- Strengths and Weaknesses
- Alternatives for F-Secure Key
- Autofill, Breach Alerts and Your Recovery Code
- F-Secure Key Features Overview
F-Secure Key Review
F-Secure Key is a password manager that covers all the bases with an attractive desktop UI and industry-standard security. However, support and ease of use could use some work. Read more about Key in our full Key review.
F-Secure, the antivirus company that earned a nod in our most secure antivirus guide, gets a lot right. It’s light on features, skipping past inclusions like a password manager, as you can see in our F-Secure Anti-Virus review. In this F-Secure Key review, we’re going to see if buying the service à la carte is worth the upcharge.
In addition to judging Key within the context of F-Secure’s antivirus, we’re also going to compare it to our best password managers. Along the way, we’ll discuss its features — what few there are — usability, security, price and more, all before giving our verdict.
For the short answer, F-Secure provides a competent password manager with Key, providing a wonderfully designed application and top-notch security. It’s missing a few critical features, though, which affect its functionality and, in some cases, its usability.
Strengths and Weaknesses
- Easy to use
- Recovery options
- Free plan available
- Decent support resources
- No 24/7 support
- No form autofill
- Limited organization options
Alternatives for F-Secure Key
$2.31 / month(All Plans)
$2.99 / month(All Plans)
$2.75 / month(save 21%)(All Plans)
- : iOS & Android
$3 / month(All Plans)
$2.49 / month(All Plans)
- : Android/iOS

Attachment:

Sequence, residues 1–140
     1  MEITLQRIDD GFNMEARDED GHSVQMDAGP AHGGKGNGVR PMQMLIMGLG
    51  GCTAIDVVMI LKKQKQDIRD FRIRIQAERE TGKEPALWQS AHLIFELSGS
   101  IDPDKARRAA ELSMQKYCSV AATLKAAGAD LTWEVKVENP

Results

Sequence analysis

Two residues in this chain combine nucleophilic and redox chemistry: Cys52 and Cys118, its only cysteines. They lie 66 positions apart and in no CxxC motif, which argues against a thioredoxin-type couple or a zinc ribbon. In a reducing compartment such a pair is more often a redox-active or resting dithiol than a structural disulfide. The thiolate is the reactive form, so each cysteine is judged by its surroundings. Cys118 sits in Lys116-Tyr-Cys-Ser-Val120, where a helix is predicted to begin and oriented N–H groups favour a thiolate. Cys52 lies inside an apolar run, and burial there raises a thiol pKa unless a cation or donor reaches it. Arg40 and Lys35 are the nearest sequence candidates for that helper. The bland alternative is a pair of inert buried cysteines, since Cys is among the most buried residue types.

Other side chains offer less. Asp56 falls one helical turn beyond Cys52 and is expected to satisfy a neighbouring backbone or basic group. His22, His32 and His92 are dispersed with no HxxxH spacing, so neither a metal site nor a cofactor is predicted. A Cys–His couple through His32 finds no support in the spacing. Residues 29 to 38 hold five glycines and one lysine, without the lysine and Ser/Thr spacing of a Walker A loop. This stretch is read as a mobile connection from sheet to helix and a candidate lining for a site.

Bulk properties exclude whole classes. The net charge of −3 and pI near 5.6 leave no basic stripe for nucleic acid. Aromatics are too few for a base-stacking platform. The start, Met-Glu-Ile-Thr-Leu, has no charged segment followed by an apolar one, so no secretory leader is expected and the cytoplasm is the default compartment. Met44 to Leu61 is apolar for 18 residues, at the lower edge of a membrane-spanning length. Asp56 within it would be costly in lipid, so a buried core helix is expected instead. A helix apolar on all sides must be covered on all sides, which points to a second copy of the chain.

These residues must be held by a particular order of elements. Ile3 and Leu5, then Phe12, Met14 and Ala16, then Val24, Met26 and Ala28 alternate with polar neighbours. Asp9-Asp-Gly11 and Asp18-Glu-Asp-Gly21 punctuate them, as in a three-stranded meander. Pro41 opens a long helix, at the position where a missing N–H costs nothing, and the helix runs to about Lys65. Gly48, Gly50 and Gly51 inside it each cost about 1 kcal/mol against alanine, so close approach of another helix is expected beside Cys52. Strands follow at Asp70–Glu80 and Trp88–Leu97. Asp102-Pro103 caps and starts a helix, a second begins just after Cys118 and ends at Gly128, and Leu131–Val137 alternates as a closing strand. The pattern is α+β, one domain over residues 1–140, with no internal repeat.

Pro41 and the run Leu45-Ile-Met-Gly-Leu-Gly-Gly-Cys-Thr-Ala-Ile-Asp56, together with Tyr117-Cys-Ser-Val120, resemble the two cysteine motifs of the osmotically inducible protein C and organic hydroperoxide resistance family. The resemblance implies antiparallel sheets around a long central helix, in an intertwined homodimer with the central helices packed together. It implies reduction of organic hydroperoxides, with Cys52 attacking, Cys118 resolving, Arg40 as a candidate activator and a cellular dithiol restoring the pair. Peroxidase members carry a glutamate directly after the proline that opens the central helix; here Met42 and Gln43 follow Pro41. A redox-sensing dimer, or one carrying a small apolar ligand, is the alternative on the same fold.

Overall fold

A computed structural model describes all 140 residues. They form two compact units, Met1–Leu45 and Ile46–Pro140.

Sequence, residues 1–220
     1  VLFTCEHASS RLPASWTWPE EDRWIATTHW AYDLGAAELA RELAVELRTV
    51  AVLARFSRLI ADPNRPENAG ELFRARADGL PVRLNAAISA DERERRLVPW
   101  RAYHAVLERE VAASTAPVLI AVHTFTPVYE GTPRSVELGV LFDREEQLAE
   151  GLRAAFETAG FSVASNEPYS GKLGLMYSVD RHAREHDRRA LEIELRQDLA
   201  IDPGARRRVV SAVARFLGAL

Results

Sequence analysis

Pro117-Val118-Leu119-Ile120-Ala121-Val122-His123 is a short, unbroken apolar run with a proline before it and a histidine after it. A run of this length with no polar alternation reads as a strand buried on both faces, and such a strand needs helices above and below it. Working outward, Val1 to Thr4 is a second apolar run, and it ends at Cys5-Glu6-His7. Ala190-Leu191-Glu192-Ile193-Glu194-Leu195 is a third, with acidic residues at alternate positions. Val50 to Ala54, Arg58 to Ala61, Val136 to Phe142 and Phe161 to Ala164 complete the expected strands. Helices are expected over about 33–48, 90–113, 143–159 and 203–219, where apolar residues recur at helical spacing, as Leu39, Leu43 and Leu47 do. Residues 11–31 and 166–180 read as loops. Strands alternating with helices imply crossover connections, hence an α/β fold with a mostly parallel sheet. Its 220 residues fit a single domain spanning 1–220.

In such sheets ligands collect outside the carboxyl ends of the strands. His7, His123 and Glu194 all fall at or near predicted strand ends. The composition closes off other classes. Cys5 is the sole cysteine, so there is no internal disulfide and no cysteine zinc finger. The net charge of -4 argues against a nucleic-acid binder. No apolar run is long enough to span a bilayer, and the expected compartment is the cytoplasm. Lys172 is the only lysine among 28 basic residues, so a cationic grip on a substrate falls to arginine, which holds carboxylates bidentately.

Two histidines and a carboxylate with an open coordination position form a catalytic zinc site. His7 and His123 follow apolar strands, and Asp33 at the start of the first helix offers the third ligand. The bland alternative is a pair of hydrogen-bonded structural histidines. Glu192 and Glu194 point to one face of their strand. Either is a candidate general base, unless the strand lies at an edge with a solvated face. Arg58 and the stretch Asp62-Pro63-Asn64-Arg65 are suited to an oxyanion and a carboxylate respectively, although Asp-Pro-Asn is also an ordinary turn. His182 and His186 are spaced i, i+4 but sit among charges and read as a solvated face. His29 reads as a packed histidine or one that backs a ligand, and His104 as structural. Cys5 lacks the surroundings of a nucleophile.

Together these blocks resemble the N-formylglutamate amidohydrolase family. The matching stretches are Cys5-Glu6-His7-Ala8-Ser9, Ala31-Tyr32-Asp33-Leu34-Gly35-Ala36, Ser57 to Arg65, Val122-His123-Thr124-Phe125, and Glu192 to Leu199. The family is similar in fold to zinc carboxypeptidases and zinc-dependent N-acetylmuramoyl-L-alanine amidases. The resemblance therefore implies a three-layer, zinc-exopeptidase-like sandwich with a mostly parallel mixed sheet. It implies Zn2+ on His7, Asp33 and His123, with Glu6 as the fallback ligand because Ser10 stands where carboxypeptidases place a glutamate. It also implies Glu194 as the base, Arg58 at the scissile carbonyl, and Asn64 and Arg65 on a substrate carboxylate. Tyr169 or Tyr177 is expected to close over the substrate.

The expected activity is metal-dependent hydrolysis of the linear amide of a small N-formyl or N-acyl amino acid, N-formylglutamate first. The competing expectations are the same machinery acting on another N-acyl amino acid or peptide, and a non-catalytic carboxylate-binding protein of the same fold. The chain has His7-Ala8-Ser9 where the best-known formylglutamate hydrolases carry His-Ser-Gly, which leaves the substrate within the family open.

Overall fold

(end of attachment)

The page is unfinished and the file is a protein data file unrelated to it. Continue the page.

F-Secure isn’t lacking in features in the same way as other antivirus-bundled password managers. It actually has a decent list, offering recovery options, security dashboard and a simple way to connect other devices. However, it only supports two entry types, which is a problem.
You can only store passwords and credit cards. Although it’s still technically a password manager, F-Secure’s competitors offer more flexibility. Keeper, for example, can store a variety of entry types and comes with sharing functionality (something Key lacks).
That’s not to mention any unique features. Unlike Abine Blur, which offers masked credit cards and emails, F-Secure Key doesn’t bring anything new to the table (read our Blur review).
Key serves its function at a price that’s in line with the rest of the market. However, when other options are offering more at the same price, there’s a problem.
Autofill, Breach Alerts and Your Recovery Code
With our groaning out of the way, it’s time to talk about what F-Secure does include. The most prominent feature is the the “status” page, which displays your accounts’ common, weak and reused passwords. We like having a security dashboard, though it would be nice for F-Secure to add alerts about data breaches in the future.
Although the “status” page is most prominent, “account recovery” is more useful. As we’ll get into in the security section below, F-Secure can’t recover your master password if you forget it.
However, you can generate a code based on your password. You can save this code — which looks like a high-res QR code — to your computer to recover your account in case you forget your login information.
Rounding out the features is autofill, though calling it a “feature” is a bit generous. Key can automatically fill your passwords, but nothing else. More than that, though, you need to press a certain hotkey to activate autofill.
You need the browser extension to fill your logins, but it doesn’t capture logins. Unlike other password managers, which ask if you want to save a password when you land on a new website, F-Secure asks you to add them manually. Alternatively, you can import your passwords, but the lack of password capture is disappointing, regardless.
F-Secure Key Features Overview
|Backup and recovery|
Key isn’t an expensive password manager, but for what little it offers in terms of features, the price is too high. As with other antivirus-bundled password managers we’ve seen — read our McAfee True Key and Kaspersky Password Manager reviews to see those in action — Key isn’t worth the price. Bundled with your antivirus, though, it’s fine.
- Unlimited storage, Local only
- Multi-device sync, Billed every year
- Multi-device sync, Billed every two years